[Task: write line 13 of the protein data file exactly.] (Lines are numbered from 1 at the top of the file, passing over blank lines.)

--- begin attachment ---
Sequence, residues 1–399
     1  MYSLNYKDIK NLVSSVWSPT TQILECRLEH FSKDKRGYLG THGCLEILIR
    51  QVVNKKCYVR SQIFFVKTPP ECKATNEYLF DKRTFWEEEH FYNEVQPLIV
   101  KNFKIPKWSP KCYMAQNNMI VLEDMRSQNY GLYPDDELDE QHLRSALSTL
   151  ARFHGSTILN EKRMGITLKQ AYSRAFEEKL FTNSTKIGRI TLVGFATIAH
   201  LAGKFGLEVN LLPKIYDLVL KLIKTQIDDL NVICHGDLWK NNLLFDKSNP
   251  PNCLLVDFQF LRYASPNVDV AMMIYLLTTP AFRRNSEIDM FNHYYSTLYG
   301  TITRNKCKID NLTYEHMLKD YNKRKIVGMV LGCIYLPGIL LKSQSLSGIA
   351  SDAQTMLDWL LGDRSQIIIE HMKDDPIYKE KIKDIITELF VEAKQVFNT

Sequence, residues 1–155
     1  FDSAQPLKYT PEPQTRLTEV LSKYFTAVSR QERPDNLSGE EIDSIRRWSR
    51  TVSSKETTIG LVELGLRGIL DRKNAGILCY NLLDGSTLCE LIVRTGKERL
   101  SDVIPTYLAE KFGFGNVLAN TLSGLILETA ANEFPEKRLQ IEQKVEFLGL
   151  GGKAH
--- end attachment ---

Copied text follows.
   101  SDVIPTYLAE KFGFGNVLAN TLSGLILETA ANEFPEKRLQ IEQKVEFLGL